Sunday, June 28, 2009

Supreme Court 17: How narrow can you go?

Interrupting my discussion of the privacy issue for a moment, I want to describe a decision that was announced by the U.S. Supreme Court last week.

There is endless debate about the power of the Supreme Court relative to the other branches of government. The arguments for the Court's weakness are: 1) it cannot initiate action on any particular issue; it must wait for a case to be brought to it by someone who has an interest in the matter; and 2) it must rely on the Executive Branch to enforce its decisions.

I've already addressed one counterargument in this and subsequent posts, i.e., that the checks and balances on the Court are difficult for the political branches of the federal government to implement. Another such consideration, which is my main point in the current post, is that the Court has discretion to decide a case in as broad or narrow a manner as it sees fit. That flexibility gives the justices more control over the effect that their decisions will have on the world.

One example of a case where a Court majority used this ability is Northwest Austin Municipal Utility District v. Holder, the decision on which was announced last Monday. Some background:

In 1965, Congress enacted the Voting Rights Act, which, in some parts of the country, represented the first effective implementation of the 15th Amendment, which banned racial discrimination in voting. That amendment had been ratified in 1870.

Due to the demonstrated ingenuity of southern officials in finding creative ways to disenfranchise African Americans, the Act required election officials in places that had practiced discrimination, to clear any changes in election procedures with the federal government. Depending on one's point of view, that clause either:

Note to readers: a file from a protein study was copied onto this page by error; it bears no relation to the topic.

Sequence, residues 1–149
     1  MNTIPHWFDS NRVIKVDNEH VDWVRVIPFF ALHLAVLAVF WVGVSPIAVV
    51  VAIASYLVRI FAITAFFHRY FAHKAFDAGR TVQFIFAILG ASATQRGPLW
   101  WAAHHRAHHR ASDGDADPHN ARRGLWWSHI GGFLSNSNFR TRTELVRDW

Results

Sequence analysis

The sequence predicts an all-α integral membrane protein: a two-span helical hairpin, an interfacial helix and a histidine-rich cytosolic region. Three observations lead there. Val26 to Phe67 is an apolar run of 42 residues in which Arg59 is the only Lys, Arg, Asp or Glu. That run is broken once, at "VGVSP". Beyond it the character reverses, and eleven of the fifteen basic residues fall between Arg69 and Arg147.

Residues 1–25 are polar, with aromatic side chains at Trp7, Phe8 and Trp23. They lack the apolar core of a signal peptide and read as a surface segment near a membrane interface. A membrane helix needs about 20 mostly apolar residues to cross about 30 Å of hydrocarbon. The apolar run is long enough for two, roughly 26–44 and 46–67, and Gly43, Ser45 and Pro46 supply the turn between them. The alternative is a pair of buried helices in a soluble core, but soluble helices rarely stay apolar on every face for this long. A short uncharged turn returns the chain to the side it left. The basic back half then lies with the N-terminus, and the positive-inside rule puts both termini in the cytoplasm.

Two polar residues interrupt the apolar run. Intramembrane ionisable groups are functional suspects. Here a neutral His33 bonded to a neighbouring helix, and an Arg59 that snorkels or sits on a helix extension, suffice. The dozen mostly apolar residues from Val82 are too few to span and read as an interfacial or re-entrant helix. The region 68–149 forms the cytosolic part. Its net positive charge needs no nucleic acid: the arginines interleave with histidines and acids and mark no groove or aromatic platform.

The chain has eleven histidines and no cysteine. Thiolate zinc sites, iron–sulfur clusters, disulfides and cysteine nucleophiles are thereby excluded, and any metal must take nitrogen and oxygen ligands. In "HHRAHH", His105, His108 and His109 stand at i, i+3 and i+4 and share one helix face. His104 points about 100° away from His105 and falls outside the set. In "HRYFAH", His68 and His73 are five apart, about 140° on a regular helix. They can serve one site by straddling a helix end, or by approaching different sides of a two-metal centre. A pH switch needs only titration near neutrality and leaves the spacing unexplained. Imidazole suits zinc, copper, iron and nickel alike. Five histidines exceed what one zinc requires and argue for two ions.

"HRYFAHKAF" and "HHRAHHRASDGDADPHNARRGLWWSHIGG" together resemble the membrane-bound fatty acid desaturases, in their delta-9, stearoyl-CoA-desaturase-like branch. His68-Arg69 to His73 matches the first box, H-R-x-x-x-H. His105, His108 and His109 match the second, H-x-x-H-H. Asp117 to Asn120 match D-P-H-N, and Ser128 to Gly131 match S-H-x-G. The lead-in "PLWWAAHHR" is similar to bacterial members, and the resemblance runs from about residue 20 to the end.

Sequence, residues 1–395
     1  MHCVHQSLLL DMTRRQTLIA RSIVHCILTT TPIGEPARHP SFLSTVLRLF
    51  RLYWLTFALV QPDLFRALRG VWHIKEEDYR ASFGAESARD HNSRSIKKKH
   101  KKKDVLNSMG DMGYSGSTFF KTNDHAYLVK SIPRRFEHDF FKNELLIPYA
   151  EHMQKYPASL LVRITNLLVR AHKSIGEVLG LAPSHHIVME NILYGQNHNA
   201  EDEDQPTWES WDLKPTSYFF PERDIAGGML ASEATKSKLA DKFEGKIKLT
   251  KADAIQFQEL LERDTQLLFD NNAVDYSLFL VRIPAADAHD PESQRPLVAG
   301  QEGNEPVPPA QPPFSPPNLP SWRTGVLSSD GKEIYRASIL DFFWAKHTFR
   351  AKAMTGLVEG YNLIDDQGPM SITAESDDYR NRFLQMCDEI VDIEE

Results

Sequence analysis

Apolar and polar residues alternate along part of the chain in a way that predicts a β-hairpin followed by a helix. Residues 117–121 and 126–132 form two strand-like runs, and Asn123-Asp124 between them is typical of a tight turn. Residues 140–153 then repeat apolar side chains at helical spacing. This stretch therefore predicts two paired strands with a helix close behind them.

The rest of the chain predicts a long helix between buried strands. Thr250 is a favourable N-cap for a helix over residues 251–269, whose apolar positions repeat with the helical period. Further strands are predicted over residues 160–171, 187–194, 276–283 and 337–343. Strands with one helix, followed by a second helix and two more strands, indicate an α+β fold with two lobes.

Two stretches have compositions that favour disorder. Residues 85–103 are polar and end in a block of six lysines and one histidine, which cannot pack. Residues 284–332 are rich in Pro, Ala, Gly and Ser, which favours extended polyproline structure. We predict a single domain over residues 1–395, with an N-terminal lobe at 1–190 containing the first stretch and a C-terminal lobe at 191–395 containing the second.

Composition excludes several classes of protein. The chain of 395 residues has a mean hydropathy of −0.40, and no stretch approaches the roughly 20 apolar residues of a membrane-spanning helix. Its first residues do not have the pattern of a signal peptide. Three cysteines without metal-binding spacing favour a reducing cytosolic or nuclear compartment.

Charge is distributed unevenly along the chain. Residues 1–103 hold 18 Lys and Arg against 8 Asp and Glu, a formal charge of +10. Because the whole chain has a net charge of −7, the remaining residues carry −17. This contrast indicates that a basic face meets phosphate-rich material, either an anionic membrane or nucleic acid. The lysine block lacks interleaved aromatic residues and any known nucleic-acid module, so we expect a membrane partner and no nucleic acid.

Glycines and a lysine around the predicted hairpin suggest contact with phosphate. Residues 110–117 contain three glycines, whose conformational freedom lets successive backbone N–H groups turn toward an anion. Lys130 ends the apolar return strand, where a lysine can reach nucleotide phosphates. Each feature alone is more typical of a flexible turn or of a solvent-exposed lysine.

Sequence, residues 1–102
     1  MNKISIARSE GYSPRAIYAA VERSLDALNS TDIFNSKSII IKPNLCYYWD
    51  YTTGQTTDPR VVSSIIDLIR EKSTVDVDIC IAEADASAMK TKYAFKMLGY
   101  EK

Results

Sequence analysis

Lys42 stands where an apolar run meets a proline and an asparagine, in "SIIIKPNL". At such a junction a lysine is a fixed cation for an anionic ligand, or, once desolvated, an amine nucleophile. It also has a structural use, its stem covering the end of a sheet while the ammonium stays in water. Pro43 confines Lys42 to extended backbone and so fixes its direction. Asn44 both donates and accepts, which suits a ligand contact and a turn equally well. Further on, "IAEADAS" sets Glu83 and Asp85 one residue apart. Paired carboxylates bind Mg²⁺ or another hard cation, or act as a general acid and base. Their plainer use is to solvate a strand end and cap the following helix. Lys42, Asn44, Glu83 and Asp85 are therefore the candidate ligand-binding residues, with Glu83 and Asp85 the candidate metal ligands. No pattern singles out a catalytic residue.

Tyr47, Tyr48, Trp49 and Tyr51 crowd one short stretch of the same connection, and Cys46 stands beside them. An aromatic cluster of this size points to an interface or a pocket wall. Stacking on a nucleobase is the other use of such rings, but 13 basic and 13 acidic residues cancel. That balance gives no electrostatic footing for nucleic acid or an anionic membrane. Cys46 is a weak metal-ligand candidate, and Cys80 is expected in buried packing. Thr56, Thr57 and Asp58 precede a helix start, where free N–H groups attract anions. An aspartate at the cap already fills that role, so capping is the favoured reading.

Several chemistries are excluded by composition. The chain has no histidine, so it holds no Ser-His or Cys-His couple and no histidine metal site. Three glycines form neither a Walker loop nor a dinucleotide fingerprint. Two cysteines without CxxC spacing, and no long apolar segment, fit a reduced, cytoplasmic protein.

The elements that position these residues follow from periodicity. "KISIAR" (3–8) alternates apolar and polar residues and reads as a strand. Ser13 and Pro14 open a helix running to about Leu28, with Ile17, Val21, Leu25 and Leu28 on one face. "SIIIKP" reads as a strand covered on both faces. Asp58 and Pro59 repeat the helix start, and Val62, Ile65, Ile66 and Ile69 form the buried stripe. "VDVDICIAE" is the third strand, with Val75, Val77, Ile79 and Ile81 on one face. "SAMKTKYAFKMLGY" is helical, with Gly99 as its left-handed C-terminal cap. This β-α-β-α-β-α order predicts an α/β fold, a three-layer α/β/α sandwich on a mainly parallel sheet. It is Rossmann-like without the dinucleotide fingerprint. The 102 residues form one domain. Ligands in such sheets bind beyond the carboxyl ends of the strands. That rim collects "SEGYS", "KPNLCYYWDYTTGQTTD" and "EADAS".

1. Fulfilled its purpose, and can be honorably retired; or
  2. Is still required, either to: 1) combat ongoing discrimination; or 2) serve as a deterrent against any effort to revive discriminatory practices.

Northwest Austin Municipal Utility District Number One sued the federal Justice Department, seeking exemption from the pre-clearance requirement under the Act's so-called "bailout" provision. The trial court interpreted that provision to apply only to political subdivisions who perform the task of registering voters, which the utility district does not do.

In its appeal, the district asked the Supreme Court to rule that either: 1) as a matter of statutory interpretation, the district is entitled to seek a bailout; or 2) as a matter of constitutional interpretation the pre-clearance requirement is no longer valid.

The Court went for option #1, with Chief Justice John Roberts writing the majority opinion. Roberts wrote:

That constitutional question has attracted ardent briefs from dozens of interested parties, but the importance of the question does not justify our rushing to decide it. Quite the contrary: Our usual practice is to avoid the unnecessary resolution of constitutional questions. We agree that the district is eligible under the Act to seek bailout. We therefore reverse, and do not reach the constitutionality of §5 [i.e., the section of the Act that imposes the pre-clearance requirement].

Observers on both sides of the question were braced for the ultimate confrontation over the Voting Rights Act. One possible outcome would have been for the "liberal wing" (Stevens, Souter, Ginsburg and Breyer) to vote to uphold the Act, with the "conservative wing" (Roberts, Scalia, Thomas and Alito) taking as wide a swing as possible to dismantle the Act, and the "swing justice" Anthony Kennedy making it 5-4 in whichever direction he would choose.

That did not happen. By crafting his opinion narrowly, Roberts was able to get seven of his colleagues to sign on with him. Justice Clarence Thomas wrote a separate opinion, agreeing with the majority that Northwest Austin has the right to be exempted from the pre-clearance requirement. However, Thomas would have gone further than his colleagues:

Because the Court’s statutory decision does not provide appellant with full relief, I conclude that it is inappropriate to apply the constitutional avoidance doctrine in this case. I would therefore decide the constitutional issue presented and hold that §5 exceeds Congress’ power to enforce the Fifteenth Amendment.

The Court has left its options open as to whether it will consider the broader constitutional question in the future. The possibility that they could eventually find some or all of the Act to be unconstitutional, is bolstered by the fact that all nine justices agreed to statements as least as skeptical as this one that appears in the majority opinion:

Whether conditions continue to justify such legislation is a difficult constitutional question we do not answer today.

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